Traditionally, guylas, or Hungarian sheepherders, would put mutton in a large pot in the morning, spice it with paprika, and let it cook while they worked the flock. At the end of the day, their meal was warm and waiting. Cuts of venison suited for stews and braises, such as shoulder, neck, and shank, work well here.
• 2 tablespoons butter
• 2 lbs venison, cut into ¼-inch cubes
• 1 medium carrot, cut into small dice
• 1 medium onion, cut into small dice
• ¼ cup paprika
• 2 cups beef broth
• 1 lb fresh pasta or spaetzle
• 2 tablespoons chopped chives
• ½ cup sour cream
In a heavy-bottomed pot, melt butter over medium-high heat. Add venison and sear until well browned. Remove meat; add the carrot and onion; and cook until the vegetables are softened and browned.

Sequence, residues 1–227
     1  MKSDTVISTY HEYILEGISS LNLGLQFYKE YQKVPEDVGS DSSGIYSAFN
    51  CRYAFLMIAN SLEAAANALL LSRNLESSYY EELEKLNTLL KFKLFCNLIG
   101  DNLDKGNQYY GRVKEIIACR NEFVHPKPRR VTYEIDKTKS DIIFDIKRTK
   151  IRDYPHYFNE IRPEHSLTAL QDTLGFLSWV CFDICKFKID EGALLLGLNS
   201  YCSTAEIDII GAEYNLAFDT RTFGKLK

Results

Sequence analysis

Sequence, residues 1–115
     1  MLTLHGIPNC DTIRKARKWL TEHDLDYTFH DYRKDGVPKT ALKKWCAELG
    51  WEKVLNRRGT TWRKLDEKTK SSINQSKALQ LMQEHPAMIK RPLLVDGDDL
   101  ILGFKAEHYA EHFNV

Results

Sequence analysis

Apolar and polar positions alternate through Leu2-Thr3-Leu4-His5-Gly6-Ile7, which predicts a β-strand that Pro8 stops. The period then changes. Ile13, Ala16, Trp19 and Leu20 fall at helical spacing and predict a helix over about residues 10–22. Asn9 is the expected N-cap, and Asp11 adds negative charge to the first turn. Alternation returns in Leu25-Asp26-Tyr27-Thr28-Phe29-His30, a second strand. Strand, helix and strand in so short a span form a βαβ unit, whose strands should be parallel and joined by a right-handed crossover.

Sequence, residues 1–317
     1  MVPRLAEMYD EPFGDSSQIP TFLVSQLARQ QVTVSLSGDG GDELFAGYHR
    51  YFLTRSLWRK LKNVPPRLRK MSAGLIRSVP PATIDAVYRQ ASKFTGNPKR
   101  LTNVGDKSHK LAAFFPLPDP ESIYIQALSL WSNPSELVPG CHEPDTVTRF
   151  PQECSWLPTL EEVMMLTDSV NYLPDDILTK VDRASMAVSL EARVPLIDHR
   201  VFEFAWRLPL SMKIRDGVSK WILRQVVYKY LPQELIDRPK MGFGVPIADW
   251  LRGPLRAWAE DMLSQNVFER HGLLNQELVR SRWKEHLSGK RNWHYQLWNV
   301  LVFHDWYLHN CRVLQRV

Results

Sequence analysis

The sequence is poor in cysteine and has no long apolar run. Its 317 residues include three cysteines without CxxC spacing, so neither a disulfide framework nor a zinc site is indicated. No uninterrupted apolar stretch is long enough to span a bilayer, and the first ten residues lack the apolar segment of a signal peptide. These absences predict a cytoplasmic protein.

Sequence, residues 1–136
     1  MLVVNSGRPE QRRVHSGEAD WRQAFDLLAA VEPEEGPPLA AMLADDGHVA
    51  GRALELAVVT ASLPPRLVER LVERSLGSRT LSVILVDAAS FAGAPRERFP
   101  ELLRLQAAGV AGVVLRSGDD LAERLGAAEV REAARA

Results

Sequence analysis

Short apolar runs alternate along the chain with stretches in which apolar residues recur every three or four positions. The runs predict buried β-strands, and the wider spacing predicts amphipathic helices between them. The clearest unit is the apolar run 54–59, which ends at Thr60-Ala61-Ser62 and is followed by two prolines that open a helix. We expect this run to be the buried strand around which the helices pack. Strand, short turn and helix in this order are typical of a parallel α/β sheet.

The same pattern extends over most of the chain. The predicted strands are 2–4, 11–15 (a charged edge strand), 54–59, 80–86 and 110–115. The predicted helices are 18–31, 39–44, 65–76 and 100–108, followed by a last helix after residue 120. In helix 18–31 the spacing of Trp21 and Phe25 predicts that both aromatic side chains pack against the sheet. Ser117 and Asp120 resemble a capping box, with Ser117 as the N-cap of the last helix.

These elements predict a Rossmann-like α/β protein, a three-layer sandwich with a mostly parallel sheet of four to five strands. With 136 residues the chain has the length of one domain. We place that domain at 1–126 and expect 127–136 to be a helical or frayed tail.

Add venison back to the pot, along with the broth and paprika. Simmer over medium heat until the meat is tender, about 45 minutes.
Bring 1 gallon of salted water to a boil. Cook pasta or spaetzle until al dente. Divide cooked pasta among four bowls and top with venison guylas. Garnish with chopped chives and finish each bowl with a dollop of sour cream.
Photo by Ashley Ruprecht